Volume > Issue > Nazarenes under the Scimitar

Nazarenes under the Scimitar


By Ronald J. Rychlak | January-February 2019
Ronald J. Rychlak is the Jamie P. Whitten Chair in Law and Government at the University of Mississippi. He is the author of several books, including Hitler, the War, and the Pope and Disinformation (co-authored with Ion Mihai Pacepa). This article draws on (and citations can be found in) Robert Fastiggi’s chapter in the book The Persecution and Genocide of Christians in the Middle East, edited by Rychlak and Jane Adolphe.

Jesus warned His disciples: “They will hand you over to persecution, and they will kill you. You will be hated by all nations because of my name” (Mt. 24:9). Such treatment was a reality for the early followers of Christ. During the first four centuries of the Christian era, both the Roman Empire and the Persian Empire persecuted Christians. With the conversion of Constantine around the year 400, Christian persecution at the hands of the Romans largely ended. Unfortunately, persecution continues even today. This is, and long has been, particularly true in Islamic nations in the Middle East.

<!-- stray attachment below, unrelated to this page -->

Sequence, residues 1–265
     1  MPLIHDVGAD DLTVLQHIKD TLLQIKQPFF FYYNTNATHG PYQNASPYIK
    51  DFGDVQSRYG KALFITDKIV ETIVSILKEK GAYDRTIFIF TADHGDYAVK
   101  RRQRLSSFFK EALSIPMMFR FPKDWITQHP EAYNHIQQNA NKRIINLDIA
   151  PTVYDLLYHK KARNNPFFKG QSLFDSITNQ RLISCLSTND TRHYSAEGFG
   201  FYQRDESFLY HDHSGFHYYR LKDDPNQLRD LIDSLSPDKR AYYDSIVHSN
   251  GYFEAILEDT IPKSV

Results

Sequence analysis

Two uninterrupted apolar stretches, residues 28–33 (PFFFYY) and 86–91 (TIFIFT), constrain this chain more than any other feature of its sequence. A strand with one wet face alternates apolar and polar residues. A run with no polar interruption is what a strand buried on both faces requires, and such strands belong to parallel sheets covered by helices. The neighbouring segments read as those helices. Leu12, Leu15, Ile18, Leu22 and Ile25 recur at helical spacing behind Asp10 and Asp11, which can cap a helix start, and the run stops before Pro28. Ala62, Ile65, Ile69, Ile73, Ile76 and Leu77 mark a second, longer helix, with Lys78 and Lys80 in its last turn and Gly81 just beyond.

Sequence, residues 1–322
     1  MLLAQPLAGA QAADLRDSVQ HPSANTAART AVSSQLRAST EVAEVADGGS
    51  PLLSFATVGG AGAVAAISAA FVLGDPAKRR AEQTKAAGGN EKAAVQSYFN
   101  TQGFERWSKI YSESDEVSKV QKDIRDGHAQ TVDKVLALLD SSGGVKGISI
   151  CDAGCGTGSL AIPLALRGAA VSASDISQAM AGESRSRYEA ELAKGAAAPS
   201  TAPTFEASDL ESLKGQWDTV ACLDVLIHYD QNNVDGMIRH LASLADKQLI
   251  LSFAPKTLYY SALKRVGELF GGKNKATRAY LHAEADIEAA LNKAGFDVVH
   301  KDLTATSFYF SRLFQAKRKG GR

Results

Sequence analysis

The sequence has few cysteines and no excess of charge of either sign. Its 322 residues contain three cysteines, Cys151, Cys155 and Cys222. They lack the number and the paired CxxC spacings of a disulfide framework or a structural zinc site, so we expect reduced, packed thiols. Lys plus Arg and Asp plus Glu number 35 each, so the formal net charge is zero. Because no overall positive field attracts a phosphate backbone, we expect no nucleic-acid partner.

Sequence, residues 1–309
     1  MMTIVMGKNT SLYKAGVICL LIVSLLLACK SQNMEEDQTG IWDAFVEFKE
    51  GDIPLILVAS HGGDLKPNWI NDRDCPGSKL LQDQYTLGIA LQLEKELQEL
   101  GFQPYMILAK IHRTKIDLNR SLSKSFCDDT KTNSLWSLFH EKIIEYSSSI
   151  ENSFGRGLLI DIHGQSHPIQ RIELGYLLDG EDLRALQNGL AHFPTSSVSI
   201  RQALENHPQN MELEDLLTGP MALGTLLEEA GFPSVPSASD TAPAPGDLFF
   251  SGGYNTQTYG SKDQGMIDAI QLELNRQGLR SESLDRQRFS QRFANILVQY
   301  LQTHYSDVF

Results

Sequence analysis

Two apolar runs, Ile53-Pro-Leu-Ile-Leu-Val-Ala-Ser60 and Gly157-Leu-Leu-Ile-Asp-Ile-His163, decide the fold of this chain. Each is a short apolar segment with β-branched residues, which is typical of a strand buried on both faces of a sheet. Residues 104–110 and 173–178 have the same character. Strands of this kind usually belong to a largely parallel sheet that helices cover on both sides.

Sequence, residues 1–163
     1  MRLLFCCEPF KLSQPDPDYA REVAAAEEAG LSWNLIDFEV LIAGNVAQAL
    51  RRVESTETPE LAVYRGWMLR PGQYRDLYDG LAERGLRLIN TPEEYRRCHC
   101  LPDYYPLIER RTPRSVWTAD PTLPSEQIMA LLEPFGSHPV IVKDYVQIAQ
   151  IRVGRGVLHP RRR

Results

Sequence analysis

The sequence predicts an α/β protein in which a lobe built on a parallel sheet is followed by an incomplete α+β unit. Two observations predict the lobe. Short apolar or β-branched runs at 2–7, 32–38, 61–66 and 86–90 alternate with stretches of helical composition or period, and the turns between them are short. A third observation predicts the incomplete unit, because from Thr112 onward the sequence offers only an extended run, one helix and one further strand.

The Post-Classical Era

Muhammad was born in the year 570. When he was about 25 he entered into the service of a wealthy widow named Khadijah, whom he eventually married. According to Islamic tradition, Muhammad received revelations through the angel Gabriel over a period of approximately 22 years, beginning in 610, when Muhammad was 40, and continuing until 632, the year he died. These revelations became the content of the Qur’an, the sacred book of Islam.

Within 100 years after Muhammad’s death, Islamic rule had spread across the Middle East, Africa, and Spain. Much of this growth came though military conquest. This was not unusual at the time. “Spreading the faith by the sword” was part of the Islamic modus operandi from the beginning.

In most cases, those who were conquered were not required to convert to Islam at the pain of death. Defeated populations that chose not to convert were required to pay the jizya, or poll tax, and live as dhimmis, non-Muslims who were protected by the state but were denied many political rights. The financial strain of the tax, plus second- (or third-) class civil status for entire families, convinced many of the conquered to convert to Islam.

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